Philo T. Farnsworth first glimpsed the idea behind television as a 14-year-old farm boy plowing a potato field in Idaho. Surveying the parallel rows of crop and earth, he realized that a larger image could be composed from similar irregular lines. Only the whole would be visible when viewed from far away.
It was no fleeting notion. Farnsworth chipped away at the concept until, at the age of 21, he generated the first electronic television broadcast from his San Francisco laboratory in 1927. That faint blue line glowing from within a tiny tube changed the course of the 20th century.
Despite all that, Farnsworth, who died in 1971, is now largely a forgotten figure. The reason why is at the heart of a play by Aaron Sorkin titled "The Farnsworth Invention." A fast-paced tale of genius, treachery, money and science, the play debuted on Broadway in 2007.
Now the Palo Alto Players are presenting Sorkin's drama for a two-week run beginning Saturday. And perhaps because the Bay Area is a science-savvy community, as well as the place where Farnsworth's family still lives, this local theater production is sparking surprising controversy because the play is inaccurate.
Never mind that there is a long and rich literary tradition of bending facts for entertainment value, with Sorkin's own "The Social Network" about the founding of Facebook only one prominent example. A passionate bunch of critics will be on hand at the play's opening night Saturday to distribute information about their beefs with the show to passers-by.
"One of the most important inventions in the history of mankind shouldn't be casually and willfully misrepresented," says William Helvey, a retired Los Altos physician.
"Sorkin desecrates a gripping true story," agrees Don McCleve, a retired physician from Monte Sereno. "The play goes far beyond poetic license. It distorts the facts so that the audience walks away with the impression that RCA invented television, which is the opposite of the truth."
McCleve and Helvey object to the play's depiction of a legally outmanned Farnsworth losing a key patent battle to the RCA corporation. In fact, Farnsworth won his long and contentious legal fight with the media giant in 1939 and received a $1 million payment, but he still did not have enough muscle to dominate the industry. Competitors soon stole his thunder. Corporate skulduggery also played a key role.
As Farnsworth's nephew Steve Player wryly puts it: "Philo won that patent battle, but in the end he lost the war."
The controversy over Sorkin's use of dramatic license took the leaders of the Palo Alto Players by surprise, but they are pleased that the piece has ignited public debate.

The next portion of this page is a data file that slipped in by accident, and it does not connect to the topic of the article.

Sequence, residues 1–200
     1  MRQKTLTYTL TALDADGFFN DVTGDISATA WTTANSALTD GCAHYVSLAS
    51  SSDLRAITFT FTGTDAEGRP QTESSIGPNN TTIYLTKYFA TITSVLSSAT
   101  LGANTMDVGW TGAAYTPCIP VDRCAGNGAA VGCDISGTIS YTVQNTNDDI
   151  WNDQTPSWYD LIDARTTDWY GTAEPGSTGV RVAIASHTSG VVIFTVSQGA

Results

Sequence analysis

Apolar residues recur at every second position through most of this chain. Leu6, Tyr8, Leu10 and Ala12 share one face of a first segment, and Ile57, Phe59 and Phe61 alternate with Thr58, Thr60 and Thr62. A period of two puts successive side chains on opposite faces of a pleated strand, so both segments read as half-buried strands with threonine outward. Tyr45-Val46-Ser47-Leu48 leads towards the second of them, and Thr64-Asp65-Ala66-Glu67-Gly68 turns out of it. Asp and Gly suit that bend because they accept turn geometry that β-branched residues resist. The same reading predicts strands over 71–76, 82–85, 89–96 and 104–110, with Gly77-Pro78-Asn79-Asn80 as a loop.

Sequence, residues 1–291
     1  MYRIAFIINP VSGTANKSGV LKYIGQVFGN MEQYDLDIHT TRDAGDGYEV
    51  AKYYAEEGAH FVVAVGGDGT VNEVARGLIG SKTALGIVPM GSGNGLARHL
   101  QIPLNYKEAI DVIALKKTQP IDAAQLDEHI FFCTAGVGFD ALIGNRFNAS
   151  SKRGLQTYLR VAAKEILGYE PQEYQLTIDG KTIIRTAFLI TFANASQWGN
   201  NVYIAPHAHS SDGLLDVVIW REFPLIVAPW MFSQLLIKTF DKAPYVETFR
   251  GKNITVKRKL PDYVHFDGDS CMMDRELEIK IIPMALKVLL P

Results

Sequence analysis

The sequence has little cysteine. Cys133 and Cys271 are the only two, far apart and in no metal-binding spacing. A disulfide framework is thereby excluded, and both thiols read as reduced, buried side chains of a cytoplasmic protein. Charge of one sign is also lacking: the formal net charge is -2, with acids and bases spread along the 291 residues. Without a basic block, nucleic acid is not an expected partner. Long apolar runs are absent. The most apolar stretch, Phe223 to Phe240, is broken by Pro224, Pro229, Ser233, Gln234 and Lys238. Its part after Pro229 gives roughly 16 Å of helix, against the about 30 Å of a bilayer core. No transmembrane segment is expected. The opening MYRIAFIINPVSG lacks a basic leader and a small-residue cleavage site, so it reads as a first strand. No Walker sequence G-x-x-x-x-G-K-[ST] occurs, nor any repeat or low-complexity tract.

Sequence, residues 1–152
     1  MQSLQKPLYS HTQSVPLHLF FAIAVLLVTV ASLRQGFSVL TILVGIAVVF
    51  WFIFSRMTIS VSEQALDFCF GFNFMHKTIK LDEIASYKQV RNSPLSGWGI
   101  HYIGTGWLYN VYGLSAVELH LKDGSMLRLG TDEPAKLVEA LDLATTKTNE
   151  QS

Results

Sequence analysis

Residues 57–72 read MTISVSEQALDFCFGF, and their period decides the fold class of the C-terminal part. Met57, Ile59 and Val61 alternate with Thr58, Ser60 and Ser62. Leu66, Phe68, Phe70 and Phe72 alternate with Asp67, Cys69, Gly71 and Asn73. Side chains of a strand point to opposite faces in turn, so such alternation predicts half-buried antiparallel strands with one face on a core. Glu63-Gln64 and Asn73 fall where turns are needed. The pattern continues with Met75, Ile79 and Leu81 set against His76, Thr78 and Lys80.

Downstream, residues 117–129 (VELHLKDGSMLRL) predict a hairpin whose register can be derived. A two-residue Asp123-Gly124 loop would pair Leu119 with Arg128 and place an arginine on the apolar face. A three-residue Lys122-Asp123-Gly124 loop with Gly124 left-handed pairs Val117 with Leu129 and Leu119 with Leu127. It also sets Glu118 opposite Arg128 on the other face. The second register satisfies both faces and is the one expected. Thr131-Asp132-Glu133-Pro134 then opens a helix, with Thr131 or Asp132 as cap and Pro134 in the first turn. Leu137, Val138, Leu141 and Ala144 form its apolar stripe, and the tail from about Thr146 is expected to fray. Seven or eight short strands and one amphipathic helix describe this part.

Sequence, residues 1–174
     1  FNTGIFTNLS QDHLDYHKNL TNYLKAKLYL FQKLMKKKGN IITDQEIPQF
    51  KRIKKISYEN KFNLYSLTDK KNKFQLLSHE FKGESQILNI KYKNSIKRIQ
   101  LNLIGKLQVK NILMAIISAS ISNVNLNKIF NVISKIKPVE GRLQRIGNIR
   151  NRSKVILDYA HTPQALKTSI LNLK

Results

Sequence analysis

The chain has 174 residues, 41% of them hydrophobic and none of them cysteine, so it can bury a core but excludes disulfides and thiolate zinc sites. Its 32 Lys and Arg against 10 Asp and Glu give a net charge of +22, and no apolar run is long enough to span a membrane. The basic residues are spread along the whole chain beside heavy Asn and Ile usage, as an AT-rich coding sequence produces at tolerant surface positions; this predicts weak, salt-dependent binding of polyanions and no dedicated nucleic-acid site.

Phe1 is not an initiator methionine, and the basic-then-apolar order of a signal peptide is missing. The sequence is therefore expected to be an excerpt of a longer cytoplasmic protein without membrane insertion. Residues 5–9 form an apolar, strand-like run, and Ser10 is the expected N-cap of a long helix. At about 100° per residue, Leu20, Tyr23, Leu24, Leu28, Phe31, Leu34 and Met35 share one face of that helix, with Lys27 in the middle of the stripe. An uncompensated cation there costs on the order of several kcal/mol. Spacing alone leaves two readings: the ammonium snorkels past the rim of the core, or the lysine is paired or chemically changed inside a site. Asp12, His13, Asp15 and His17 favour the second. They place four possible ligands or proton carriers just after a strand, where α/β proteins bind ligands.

"There's definitely a contingent of people who are up in arms about the inaccuracies in the play," says Managing Director Diana Wiley, "but we think this is a great opportunity to teach people about the history. Most people have never heard of him, even in Silicon Valley, which is the cradle of innovation."
Farnsworth's family supports the production. While Player bristles at the play's take on the patent fight, he believes overall it captures the thrust of his uncle's saga well. The drama chronicles many of the scientist's struggles with corporate greed and espionage.
"I hope people come to see the play and learn a little about the history," says Player, a retired attorney who lives in Palo Alto. "My uncle was a remarkable individual with a tremendous intellectual curiosity. This is an amazing story of scientific discovery."
Wiley was initially attracted to the play because of its deep local roots and its connection to the region's high tech culture.
"The story of who first thinks of an idea and who later comes to control that idea is incredibly relevant to life in the valley," he said.
The theater is going out of its way to put the drama into historical context with program notes and post-show discussions.
Sorkin ("The West Wing" and "The Social Network") could not be reached for comment for this story but has made no bones about altering the facts because his "objective is to entertain."
Player says he regrets that Farnsworth remains an obscure figure. His ingenuity is remembered with statues in San Francisco and the nation's capital, but he never got the level of recognition he deserved. After all, when he died of pneumonia in 1971, the average TV set still contained 100 items he had patented.
His invention, Player adds, paved the way for how we interact with every gadget of the Internet age from the personal computer to the iPhone. "He earned the title of father of television, but he never got to reap its benefit," says Player. "That's the real tragedy."
Certainly, Farnsworth was prophetic about the power of television to make the world a smaller place, to transform the way we view humanity. A quiet and unassuming man, over time he became disappointed in the ways his discovery was being used. He forbade his own children from watching it and turned his quest for experimentation to other fields, including nuclear fusion. He was frequently strapped for cash, and the stress of trying to secure funding for his work plagued him until the end.
Still, there were moments of awe with his prize invention. When Neil Armstrong took his first step on the moon in 1969 and the nation watched transfixed, Farnsworth turned to his wife Pem and said: "This has made it all worthwhile."
By Aaron Sorkin, presented by Palo Alto Players
When: Saturday through June 29
Where: Lucie Stern Theater, 1305 Middlefield Road, Palo Alto
Tickets: $23-$45, 650-329-0891, www.paplayers.org.